Your profile says your dad has dementia. Is this right? And that your sister isn't aware of how he has a sleep disorder. Does she know how much care he needs and will need moving forward? I would first read a lot about what is to be expected with his progression as well as watch Teepa Show tips and info on You tube. I'd share them with sister.

She may not understand that a person with dementia can't be left alone at all, after the early stages. And that due to his condition, he could keep her up all night, preventing her from holding a job. Balance is often a problem and stairs could be quite dangerous. I don't know of anyone who moves a senior to a place with stairs. Odd, imo.

Perhaps, after looking at the facts, the two of you could discuss a more realistic plan for his care. If not, then the attorney can provide advice on how to gain legal control if sister insists on moving him over your objection. Sometimes, fighting is necessary, other times, it's just not worth it. Maybe, sister will have to see what is involved for herself.
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I expect your sister feels he is no longer safe living on his own and her solution is to bring him into her own home. This is a very sweet and generous offer, but we both know it is not based on the reality of his needs. I don't think your sis really understands what she is signing up for or what his physical needs are, sometimes they just won't see or understand until they have to deal with it. Suggest your father go to her for a couple of months for a "holiday", leaving him the option to return home if (when?) things don't work out.
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I agree with Windy and Jessie. What's the situation now? Your profile states he's living with you. Is this in the home/apartment where he's been for 40 years? Does your father have any cognitive issues that might be compounded if he's moved to a new environment? That could easily cause confusion.

The steps are a serious issue if he isn't physically and mentally able to deal with them, especially if he doesn't have them now.

What you can do is list everything that you do for him, ask her how she plans to address these issues. I.e., not will she, but HOW does she plan to provide support stair climbing? And for other concerns? Is she planning to hire companion or support help during the day, and does she have the funds to pay for this?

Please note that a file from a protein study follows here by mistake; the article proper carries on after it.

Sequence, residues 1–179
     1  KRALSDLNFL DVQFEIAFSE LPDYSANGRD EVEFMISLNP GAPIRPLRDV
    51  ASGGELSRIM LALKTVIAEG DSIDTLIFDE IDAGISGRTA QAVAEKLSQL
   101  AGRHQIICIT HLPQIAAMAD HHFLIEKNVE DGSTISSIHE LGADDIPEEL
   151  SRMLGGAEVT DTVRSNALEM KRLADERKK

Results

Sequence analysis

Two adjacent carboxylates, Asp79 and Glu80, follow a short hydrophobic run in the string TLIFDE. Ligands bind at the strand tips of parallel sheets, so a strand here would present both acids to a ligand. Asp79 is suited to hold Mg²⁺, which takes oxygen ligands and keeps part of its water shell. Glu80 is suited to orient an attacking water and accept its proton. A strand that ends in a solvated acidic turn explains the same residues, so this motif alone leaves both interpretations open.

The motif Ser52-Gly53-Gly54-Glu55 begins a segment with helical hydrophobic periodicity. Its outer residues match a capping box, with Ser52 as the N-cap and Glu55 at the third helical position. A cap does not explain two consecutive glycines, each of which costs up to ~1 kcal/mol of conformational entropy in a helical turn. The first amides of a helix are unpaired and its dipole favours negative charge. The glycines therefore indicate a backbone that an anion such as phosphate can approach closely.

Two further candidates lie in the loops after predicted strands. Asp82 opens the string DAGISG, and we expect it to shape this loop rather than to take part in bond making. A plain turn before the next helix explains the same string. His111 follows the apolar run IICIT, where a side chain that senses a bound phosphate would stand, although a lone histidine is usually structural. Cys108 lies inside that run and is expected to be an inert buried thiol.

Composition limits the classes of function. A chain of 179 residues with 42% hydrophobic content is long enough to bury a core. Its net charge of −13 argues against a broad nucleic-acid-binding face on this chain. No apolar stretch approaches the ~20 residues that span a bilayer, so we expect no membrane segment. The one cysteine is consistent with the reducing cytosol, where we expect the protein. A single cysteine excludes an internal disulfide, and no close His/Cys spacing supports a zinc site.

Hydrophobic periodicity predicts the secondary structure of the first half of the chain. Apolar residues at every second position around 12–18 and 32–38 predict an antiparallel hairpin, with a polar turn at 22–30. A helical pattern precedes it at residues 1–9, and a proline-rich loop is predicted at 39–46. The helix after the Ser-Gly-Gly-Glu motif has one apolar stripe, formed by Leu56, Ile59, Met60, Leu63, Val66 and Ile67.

And that raises another issue as to whether your father has the assets to pay for in-home care. Do you think your sister expects you to contribute?

I'm wondering though how much influence your sister wields as I have the impression you're a bit threatened by her plans. That's definitely NOT a criticism, just an observation and question whether she would become aggressive and challenge you legally if she doesn't get her way.

How far away geographically will she be from you? Is it possible though that she's moving to NY so she can spend more time with him as he ages?

Another alternative is to embrace her desire to care for him and ask her to share caregiving with you through weekend and holiday visitations to provide respite for you. That would also be an excellent opportunity for a "trial" period in which she learns what is necessary to care for him.

You're wise to address this now; I'd make sure that every single thing you do is included in a care plan and that it's addressed by her with succinct plans. That might be enough to overwhelm her and encourage her to settle for weekend assistance to you.

Good luck.
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Does your sister live with him now? I wondered why she thought she could give better care in the new place if she is working during the day and asleep at night in an apartment that may not be elder-friendly.
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Do you live with him and act as his caregiver? Carefully read the exact language of your POA documents. Maybe have an attorney review it to determined what rights you have. My guess is you can control where he lives if he is not competent to do so on his own. Will this be WW3 with sis? Is it worth it? Can and will,she provide good care for him?